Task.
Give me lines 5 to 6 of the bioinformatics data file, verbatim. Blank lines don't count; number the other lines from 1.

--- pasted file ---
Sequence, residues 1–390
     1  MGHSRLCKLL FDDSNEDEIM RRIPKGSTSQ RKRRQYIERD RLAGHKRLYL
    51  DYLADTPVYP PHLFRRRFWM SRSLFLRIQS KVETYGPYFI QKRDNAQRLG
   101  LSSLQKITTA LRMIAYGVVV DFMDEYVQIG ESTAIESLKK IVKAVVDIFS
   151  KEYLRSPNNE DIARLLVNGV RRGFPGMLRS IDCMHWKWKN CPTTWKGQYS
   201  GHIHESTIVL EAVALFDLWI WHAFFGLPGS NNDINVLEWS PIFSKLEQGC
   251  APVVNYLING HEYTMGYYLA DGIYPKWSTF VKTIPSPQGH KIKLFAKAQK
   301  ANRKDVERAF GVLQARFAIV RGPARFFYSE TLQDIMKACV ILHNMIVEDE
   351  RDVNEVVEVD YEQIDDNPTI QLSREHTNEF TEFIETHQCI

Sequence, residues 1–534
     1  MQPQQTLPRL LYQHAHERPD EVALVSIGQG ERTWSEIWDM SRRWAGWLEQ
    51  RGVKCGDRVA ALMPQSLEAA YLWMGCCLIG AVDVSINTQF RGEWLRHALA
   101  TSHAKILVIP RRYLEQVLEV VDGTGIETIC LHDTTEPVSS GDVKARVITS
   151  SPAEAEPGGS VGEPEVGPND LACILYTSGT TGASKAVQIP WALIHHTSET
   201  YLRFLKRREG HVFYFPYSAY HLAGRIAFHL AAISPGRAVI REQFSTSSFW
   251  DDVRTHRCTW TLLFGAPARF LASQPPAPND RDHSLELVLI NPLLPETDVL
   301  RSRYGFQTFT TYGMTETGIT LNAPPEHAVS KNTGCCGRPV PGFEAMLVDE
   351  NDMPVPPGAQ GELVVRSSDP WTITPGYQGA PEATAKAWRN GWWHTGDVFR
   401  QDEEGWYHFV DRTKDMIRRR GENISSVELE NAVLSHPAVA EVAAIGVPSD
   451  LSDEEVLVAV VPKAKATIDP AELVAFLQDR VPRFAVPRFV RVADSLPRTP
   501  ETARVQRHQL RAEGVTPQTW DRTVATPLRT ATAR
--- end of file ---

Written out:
   151  KEYLRSPNNE DIARLLVNGV RRGFPGMLRS IDCMHWKWKN CPTTWKGQYS
   201  GHIHESTIVL EAVALFDLWI WHAFFGLPGS NNDINVLEWS PIFSKLEQGC